I am hoping to find optimal routes from an Origin (car park) to destinations (Library, Blocks, Rec Center).

I have an RGB ortho-mosiac image taken from an UAV that I want to digitize paths, car parks, and infrastructure, and then find an optimal route from one to another.

How would I go about making sure the polygons and lines can be used to distinguish which path might be the best to choose from?

And therefore adding stops etc. using network analysis toolbar.

  • Hey thanks, only just got to revisit this. Have had a bit more success thanks to the sharing vertices at each intersection. Have now got all but one destination and one origin connected to the network and was able to do an OD Cost path matrix and Closest facility solve to find optimal paths using time for measure. – Chazbacca May 31 '15 at 1:49

You don't really need polygons, and in fact points for your origins and destinations would work better. You can have a point represent a building or parking lot, but it sounds like you're working at a pedestrian scale in which case it might be better to have points for specific building entrances or other such destinations.

The most important thing with your lines to make them useable as a network involves snapping. Be sure all lines are connected and snapped to each other. Furthermore, make sure that where two lines meet, if that is supposed to be an intersection, both have a shared vertex there. If they are not supposed to meet (for example a second floor connecting walkway crosses between buildings over a path outside/underneath) they should not have a shared vertex. Ideally, lines should be broken into separate lines at any intersection (four way intersection, four lines not two crossing).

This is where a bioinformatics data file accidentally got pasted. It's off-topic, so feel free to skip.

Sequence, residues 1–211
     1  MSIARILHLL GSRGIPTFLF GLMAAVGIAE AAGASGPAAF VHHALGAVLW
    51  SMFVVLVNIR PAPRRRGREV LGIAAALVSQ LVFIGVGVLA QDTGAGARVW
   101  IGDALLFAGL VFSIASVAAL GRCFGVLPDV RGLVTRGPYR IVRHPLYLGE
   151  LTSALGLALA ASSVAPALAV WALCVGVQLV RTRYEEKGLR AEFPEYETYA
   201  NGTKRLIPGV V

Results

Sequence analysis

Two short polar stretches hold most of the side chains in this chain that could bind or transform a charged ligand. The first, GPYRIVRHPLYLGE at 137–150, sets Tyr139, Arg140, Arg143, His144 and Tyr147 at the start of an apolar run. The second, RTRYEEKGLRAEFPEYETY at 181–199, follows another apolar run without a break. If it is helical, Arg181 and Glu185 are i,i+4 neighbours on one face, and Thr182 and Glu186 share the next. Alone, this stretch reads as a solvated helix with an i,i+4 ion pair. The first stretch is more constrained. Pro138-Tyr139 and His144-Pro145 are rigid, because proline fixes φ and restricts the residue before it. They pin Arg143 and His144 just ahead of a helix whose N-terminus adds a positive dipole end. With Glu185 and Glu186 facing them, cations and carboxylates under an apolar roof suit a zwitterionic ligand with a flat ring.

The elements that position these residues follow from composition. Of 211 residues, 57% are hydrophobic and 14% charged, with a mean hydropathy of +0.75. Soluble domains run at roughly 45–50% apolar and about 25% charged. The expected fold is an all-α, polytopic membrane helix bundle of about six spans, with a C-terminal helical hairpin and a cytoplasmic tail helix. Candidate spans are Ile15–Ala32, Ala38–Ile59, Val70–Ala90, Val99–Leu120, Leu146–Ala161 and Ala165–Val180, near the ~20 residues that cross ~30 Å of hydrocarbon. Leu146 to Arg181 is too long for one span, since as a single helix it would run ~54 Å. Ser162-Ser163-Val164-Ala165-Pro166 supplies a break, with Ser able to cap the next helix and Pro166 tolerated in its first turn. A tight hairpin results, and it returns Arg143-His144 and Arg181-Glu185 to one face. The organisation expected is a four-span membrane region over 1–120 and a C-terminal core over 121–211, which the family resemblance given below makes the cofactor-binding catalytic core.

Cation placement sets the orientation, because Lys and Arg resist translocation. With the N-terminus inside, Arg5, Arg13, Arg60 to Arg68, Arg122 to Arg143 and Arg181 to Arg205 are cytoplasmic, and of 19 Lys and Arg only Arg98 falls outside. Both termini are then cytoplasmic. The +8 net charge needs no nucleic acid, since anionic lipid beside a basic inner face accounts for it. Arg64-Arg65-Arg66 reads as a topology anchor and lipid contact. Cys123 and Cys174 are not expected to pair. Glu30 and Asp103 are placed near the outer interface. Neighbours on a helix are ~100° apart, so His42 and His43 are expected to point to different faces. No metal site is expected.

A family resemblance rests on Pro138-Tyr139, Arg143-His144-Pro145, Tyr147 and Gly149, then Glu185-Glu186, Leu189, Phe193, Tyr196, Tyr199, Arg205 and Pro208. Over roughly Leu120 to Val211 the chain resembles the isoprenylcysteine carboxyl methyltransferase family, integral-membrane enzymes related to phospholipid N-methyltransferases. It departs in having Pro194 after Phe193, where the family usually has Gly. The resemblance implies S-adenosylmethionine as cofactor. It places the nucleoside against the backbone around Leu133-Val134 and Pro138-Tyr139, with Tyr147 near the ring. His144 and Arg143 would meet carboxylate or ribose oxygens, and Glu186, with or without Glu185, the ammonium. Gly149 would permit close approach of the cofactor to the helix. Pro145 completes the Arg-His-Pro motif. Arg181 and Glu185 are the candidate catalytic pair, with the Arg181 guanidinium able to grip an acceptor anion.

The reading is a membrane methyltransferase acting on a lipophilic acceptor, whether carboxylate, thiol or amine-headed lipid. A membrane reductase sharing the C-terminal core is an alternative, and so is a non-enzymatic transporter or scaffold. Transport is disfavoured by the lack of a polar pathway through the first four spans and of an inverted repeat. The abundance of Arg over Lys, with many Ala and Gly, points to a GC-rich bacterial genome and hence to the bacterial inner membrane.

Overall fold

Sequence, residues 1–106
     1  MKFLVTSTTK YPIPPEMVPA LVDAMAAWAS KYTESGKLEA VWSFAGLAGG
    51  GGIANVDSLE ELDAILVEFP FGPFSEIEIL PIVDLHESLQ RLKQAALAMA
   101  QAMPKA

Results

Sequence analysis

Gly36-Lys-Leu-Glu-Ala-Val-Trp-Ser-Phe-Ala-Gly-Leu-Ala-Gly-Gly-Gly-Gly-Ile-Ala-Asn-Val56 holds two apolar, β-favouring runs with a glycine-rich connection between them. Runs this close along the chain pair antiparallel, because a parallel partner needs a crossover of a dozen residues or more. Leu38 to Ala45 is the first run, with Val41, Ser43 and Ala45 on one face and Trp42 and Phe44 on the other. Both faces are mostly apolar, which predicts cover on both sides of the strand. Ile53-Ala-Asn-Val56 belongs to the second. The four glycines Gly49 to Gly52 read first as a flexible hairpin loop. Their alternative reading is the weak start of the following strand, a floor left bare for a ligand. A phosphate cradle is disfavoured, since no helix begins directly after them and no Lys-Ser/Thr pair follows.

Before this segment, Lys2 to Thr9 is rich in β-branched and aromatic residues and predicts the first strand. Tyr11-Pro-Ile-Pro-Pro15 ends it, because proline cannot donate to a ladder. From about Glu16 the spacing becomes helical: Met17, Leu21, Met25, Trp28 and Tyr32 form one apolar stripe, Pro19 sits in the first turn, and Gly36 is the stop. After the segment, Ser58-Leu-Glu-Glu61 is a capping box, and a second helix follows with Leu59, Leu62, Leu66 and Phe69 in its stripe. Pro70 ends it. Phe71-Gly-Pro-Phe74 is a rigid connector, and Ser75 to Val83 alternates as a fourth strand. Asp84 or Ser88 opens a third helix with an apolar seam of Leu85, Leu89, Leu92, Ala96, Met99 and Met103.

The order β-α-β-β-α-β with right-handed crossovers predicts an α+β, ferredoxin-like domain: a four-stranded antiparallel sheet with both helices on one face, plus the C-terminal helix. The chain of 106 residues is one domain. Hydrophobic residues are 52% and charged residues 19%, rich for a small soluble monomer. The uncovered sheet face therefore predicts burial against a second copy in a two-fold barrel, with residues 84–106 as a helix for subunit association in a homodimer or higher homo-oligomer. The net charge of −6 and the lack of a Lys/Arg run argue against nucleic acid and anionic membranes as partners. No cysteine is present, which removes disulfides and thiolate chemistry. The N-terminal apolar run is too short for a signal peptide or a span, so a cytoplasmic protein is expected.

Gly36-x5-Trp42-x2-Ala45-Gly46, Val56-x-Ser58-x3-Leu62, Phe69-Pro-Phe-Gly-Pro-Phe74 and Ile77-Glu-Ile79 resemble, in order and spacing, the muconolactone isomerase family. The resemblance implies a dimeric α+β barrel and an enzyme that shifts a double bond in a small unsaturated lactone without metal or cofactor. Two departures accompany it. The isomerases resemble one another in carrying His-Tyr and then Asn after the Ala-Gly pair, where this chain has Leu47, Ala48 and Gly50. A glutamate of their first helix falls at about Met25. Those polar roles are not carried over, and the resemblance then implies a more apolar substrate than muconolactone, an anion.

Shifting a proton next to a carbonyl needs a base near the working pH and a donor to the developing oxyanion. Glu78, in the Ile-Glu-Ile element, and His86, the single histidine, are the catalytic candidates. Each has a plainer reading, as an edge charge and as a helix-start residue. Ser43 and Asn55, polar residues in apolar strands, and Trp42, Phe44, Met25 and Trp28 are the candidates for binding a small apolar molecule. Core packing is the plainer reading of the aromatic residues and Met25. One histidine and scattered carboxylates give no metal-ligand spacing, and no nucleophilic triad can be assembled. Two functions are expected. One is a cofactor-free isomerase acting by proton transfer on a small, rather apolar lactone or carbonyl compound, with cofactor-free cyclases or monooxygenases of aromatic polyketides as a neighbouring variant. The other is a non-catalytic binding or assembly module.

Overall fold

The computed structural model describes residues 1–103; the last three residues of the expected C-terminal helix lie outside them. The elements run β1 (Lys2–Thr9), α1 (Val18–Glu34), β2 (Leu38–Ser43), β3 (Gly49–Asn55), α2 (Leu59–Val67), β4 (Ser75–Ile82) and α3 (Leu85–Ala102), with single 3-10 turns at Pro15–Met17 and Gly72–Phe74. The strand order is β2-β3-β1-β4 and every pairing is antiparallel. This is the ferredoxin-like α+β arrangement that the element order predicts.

From there it depends on your analysis and definition of 'optimal'. The lines will by default have the property of length, so you can do shortest path analysis. For time, you need some attribute of travel time for that edge, which you could create by dividing the length by a speed factor. Beyond that you're looking at other network edge attributes - maybe it's steep and has a cost penalty for that, or maybe you have a rating system for pleasantness to walk that factors into how favorable a route is.

I would suggest running through exercises 1-3 and 12 of the Network Analyst tutorial to get a feel for how things work.

Your Answer

By clicking “Post Your Answer”, you agree to our terms of service, privacy policy and cookie policy

Not the answer you're looking for? Browse other questions tagged or ask your own question.